By Pinar Tremblay,
The battle between the haves and the have-nots within the ruling party base is intensifying.
Jun 26, 2020
A Turkish court on June 19 banned access to content in a title on The Sour Dictionary, one of the most popular social media platforms in Turkey. That title is “Emine Erdogan’s Purse.” It’s about a notorious handbag that cost some $50,000, and it has become a symbol of public criticism of the lavish lifestyle of the president’s family and palace life. The court has banned reader access to more than 200,000 entries under that title on The Sour Dictionary.
There is an intriguing pattern in Turkey’s political scene. State oppression on freedom of expression and access to information is worsening. All the while, public chatter — particularly from the ruling Justice and Development Party’s (AKP) conservative base, who are mostly small-business owners — is increasingly critical. The recent events increased the visibility of fast-brewing social tension. Even the AKP’s most loyal supporters are asking where the money is — or, in other words, is this how state funds are being spent?
On June 15, a donation campaign led to street protests and clashes between AKP supporters and security forces in Ankara. After the 2016 failed coup attempt, Recep Tayyip Erdogan had declared that all of those who lost their lives were “martyrs,” and all of those who were wounded were “veterans.” These terms not only have religious connotations but also financial payoffs such as monthly salaries. Normally reserved for active duty soldiers or security personnel, the titles, benefits and salaries are structured accordingly.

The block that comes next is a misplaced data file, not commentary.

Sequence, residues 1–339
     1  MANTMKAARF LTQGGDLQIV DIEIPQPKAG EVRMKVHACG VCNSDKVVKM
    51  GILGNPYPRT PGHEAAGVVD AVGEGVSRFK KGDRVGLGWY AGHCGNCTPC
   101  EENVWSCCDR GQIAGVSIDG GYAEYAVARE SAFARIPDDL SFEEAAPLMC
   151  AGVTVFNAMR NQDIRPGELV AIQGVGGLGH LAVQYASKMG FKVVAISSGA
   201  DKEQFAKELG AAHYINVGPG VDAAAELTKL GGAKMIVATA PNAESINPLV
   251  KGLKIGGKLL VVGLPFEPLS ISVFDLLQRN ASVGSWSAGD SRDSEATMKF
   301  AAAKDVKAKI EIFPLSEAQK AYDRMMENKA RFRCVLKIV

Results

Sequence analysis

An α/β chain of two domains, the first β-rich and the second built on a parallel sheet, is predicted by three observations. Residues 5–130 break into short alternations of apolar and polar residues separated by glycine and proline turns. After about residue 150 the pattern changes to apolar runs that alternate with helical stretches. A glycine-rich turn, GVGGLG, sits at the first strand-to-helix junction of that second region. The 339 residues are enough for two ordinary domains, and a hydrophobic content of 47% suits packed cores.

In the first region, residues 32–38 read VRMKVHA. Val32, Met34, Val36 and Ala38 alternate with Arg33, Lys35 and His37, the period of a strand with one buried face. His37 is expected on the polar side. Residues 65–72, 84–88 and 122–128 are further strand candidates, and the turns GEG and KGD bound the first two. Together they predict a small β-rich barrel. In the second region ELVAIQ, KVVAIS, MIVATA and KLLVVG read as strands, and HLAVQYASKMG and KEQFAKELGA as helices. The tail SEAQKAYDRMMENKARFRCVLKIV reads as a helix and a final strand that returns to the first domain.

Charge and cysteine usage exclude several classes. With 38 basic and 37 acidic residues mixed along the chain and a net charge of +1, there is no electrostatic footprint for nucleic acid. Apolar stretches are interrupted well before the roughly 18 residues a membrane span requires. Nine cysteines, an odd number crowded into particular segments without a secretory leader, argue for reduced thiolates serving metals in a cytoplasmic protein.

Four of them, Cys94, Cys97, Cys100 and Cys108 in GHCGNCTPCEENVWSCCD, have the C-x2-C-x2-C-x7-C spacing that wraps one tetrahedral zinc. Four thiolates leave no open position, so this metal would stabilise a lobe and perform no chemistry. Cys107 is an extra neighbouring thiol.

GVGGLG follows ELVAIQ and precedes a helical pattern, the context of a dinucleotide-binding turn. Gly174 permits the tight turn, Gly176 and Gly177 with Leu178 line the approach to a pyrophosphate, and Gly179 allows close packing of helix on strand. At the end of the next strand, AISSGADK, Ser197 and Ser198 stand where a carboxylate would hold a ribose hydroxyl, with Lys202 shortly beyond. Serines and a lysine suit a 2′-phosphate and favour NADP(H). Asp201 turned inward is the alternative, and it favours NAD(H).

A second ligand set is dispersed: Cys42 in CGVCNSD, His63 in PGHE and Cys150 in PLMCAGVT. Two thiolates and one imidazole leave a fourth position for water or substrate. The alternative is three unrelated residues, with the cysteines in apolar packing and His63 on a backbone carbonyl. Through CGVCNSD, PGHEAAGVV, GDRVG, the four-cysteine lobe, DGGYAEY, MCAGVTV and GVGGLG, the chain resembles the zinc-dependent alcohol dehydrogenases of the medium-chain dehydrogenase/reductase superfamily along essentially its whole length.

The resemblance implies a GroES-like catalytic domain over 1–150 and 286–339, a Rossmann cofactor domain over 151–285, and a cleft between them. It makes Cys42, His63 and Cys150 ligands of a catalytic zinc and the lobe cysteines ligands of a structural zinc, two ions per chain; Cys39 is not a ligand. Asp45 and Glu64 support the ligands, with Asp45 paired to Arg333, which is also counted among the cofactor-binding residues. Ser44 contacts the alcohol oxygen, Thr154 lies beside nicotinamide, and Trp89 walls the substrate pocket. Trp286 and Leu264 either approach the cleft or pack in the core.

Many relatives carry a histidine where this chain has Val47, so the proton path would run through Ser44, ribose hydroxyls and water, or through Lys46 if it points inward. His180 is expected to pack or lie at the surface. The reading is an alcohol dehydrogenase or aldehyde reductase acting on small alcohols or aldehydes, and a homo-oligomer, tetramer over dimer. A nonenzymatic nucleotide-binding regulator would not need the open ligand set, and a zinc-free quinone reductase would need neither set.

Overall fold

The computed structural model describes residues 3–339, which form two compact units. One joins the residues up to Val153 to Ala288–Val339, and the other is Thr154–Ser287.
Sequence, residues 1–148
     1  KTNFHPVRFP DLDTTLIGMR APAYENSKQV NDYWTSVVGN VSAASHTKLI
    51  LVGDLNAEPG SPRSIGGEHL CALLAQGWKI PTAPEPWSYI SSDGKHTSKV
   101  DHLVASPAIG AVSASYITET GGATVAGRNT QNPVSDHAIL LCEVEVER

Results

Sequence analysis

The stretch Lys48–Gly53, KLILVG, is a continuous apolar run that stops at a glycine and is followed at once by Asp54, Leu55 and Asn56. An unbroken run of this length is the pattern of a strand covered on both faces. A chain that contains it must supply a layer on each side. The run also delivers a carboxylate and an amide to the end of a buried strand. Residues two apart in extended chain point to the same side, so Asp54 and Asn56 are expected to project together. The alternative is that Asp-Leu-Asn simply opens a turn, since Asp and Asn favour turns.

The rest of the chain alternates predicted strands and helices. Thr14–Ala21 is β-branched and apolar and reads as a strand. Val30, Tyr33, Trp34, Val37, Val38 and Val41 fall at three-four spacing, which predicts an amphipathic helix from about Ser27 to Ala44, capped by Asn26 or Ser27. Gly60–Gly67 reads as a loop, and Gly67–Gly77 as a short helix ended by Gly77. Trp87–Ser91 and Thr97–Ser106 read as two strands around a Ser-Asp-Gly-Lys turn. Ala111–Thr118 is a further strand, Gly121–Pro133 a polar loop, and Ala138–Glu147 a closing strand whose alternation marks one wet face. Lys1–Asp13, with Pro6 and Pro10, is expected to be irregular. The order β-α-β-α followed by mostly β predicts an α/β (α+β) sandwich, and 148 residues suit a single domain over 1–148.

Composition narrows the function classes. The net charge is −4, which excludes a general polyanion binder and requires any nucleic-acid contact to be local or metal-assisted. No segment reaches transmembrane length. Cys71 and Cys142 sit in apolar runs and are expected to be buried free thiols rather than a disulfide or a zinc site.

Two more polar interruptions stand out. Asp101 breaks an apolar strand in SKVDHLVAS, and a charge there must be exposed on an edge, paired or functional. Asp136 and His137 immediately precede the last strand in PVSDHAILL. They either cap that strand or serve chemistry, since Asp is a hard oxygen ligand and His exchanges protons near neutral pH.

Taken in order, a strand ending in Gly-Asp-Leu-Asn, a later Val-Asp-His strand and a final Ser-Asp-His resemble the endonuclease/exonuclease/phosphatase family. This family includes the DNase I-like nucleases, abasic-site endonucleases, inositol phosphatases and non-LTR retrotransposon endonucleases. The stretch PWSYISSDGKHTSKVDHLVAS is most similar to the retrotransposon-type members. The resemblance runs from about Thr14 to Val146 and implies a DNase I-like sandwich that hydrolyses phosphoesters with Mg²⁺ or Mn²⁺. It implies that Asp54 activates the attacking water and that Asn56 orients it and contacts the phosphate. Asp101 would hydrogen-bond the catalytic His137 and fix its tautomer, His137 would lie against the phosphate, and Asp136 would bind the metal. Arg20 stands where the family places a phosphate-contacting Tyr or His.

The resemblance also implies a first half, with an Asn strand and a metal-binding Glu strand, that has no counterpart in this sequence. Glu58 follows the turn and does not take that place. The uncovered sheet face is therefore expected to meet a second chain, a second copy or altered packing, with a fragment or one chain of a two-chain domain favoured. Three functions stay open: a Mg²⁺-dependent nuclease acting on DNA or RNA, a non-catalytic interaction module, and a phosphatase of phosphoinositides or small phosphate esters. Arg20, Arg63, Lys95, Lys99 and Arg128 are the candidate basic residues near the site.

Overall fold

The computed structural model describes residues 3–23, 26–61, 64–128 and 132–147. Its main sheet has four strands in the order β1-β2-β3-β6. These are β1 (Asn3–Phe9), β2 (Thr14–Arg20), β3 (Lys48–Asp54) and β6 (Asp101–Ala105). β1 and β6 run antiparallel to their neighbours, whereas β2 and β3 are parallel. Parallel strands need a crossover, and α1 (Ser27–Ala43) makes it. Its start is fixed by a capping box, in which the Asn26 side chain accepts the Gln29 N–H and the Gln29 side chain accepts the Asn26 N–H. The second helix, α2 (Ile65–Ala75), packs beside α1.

After the coup attempt, Erdogan said “these martyrs and veterans are my real siblings. Anyone who hurts them should know that they will have to answer to me.” And it was Binali Yildirim, then prime minister, who announced, “Anyone with even a nail scratched on July 15 will be considered a veteran.” The campaign raised more than 300 million Turkish liras, which became 339 million Turkish liras in December 2019 at the bank with interest, Turkish Vice President Fuat Oktay announced.
On June 8, after months of negotiations and delays, a group of veterans began a protest in Ankara over why they still had not obtained proper official veteran status and had not been given the money they were promised four years ago.
On June 15, reportedly based on a tip that Erdogan was in the building, they marched in front of AKP headquarters in Ankara. Their chants were harsh. Some included, “Soylu (Interior Minister) come here,” “The center of the Gulen terror organization is here (pointing to AKP headquarters),” and “Traitors and crooks.” Police brutally charged at the veterans.
In an attempt to discredit the protesters, some AKP trolls posted tweets that the protesters were not real veterans but Gulen movement members.
A day after the protests, ultranationalist Good Party’s proposal for immediate payment to the veterans was shot down by AKP and Nationalist Movement Party votes. And after speaking with the interior minister, protesters decided to stand down.
A senior AKP bureaucrat told Al-Monitor on the condition of anonymity that “these people are like the Janissaries of Erdogan. Now they are flipping their cauldrons and threatening the government to meet their demands.” Turning their big pots upside down was how Ottoman soldiers signaled their unhappiness to the sultan.